Aberdeen Gives OK for CVS
The Aberdeen Town Board has approved a conditional use permit that will allow for the development of a CVS pharmacy on U.S. 1 near the intersection of U.S. 15-501.
The board voted 3-2 Thursday to approve the permit, with a laundry list of conditions, including several that were added during a called meeting that lasted more than three hours. Mayor Betsy Mofield was absent from the meeting.
The drugstore would be on the main parcel of three at that site.
Commissioners Robbie Farrell, Walter Wright and Jim Thomas voted to approve the permit with the discussed conditions, while commissioners Pat Ann McMurray and Alan Parker opposed it.
Several concerns about the proposed permit were addressed during the meeting. The main issues centered on the parcel behind CVS, called parcel C, and whether or not access to Poplar Street from that parcel should be permitted.
“One hundred percent of constituents I have heard from have said, ‘Please do not let them make a connection to Poplar Street,’” Commissioner Alan Parker said.
The N.C. Department of Transportation (DOT) recommended the access.
The board was leery of adding a connection to Poplar Street because it would increase traffic on the road, which was something residents who live on the street did not want.
“There are techniques you can use to discourage people from using that (access road) as a cut through,” Planning Director Kathy Liles told the commissioners.
Board members did not rule out allowing access to Poplar Street but placed restrictions on the development of parcel C.
One condition is that the parcel be classified as a major modification special use, so that whatever is developed on the property must come before both the Planning Board and the town Board of Commissioners.
The commissioners also added a condition that if the connection to Poplar is made in the future, there would be no through access to tractor-trailers and other large trucks.
Another condition prohibits a connection to Poplar Street from the other two parcels.
Concern was expressed that the property has split uses, and without a development plan for the parcel, the commissioners worried about what type of businesses would be on the land that is closest to the homes on Poplar Street.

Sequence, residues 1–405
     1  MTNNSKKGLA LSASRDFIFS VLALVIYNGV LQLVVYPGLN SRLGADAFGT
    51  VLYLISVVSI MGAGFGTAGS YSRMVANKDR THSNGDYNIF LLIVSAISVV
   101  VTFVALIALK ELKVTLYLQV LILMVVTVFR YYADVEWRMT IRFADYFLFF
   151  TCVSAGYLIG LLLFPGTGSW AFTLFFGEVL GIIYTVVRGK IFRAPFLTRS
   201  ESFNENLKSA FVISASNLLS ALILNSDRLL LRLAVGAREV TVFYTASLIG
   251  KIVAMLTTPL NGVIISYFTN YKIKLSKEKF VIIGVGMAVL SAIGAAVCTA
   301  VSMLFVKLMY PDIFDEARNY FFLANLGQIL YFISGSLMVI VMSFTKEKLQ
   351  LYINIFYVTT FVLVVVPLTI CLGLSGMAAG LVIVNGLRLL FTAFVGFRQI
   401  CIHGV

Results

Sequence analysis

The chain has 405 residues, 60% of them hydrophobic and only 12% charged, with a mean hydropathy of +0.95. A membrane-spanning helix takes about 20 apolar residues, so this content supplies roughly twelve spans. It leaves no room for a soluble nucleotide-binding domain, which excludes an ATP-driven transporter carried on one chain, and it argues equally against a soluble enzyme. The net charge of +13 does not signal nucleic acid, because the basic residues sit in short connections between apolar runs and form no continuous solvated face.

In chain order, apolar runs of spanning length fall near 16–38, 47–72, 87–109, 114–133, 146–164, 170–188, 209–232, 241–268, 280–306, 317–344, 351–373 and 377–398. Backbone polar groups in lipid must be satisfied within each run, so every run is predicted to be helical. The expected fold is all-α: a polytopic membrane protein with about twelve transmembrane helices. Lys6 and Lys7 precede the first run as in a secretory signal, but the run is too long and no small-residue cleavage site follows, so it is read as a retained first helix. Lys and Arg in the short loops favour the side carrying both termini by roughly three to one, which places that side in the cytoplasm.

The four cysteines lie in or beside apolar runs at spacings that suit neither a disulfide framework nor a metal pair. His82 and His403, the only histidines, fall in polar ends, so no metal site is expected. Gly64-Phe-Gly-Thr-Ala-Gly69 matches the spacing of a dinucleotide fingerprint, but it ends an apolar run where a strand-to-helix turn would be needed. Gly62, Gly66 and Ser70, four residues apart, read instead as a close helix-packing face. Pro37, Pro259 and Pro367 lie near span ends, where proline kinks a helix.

An amendment to further restrict the uses on that parcel was unsuccessfully added to the final motion to approve the permit.
Other amendments to the permit included allowing two access points to the development on U.S. 1. A main access road will be located near the traffic light at U.S. 1 and U.S. 15-501, and a secondary access will be farther down U.S. 1. The DOT has required that a concrete median be placed at the secondary access to prevent vehicles from turning left onto U.S. 1.
Marty Tillman, of the DOT, told the commissioners that his office would have preferred a deceleration lane too, but that that was not feasible with the plan proposed.
Parker raised concerns that the increased traffic generated by the proposed development would further hamper traffic flow to a point that is deemed unacceptable in the town’s ordinances.
Liles responded by saying that is a recurring problem with most developments.
“The problem is we have a deficient road network, and with every project, we are going to be dealing with a deficient road network,” she said.
The number of parking spaces for the CVS was reduced from 75 to 66. Parker still opposed it because even with the reduction, there would still be three rows of parking spaces, something that is a requirement for all CVS stores.
“We have a butting of heads between what CVS wants and what the town of Aberdeen wants,” Parker said on the parking issue. “And if CVS wants to build in Aberdeen, they are going to have to give a little.”
McMurray said she agreed with Parker on the parking issue. She asked that a third row of parking spaces near the front of the development and closest to U.S. 1 be removed.
Developers argued that they had met the parking requirements in the town ordinances, reminding them that there was nothing that prohibited three rows of parking spaces.
The permit for retail sales with high-volume traffic generation was being sought for an application filed by Moseley Real Estate Advisors. It affects land owned by Huntley Family Limited Partnership and Bonnie McPeake.
In late June, the board delayed a vote on the project until it was reviewed by the DOT. The town Planning Board earlier approved the project with a laundry list of conditions.
The development plan calls for demolition of the Sizzlin’ Steak or Eggs building as well as at least partial removal of the Sandhills Office Park. The Sizzlin’ Steak or Eggs plans to relocate across U.S. 1 from Mac’s Breakfast Anytime.
Prior concerns raised by the commissioners were increased traffic at the intersection, which is already the busiest in Moore County, access to the development via Washington Street and/or Poplar Street and number of parking spaces.
Contact Tom Embrey at (910) 693-2484 or firstname.lastname@example.org.
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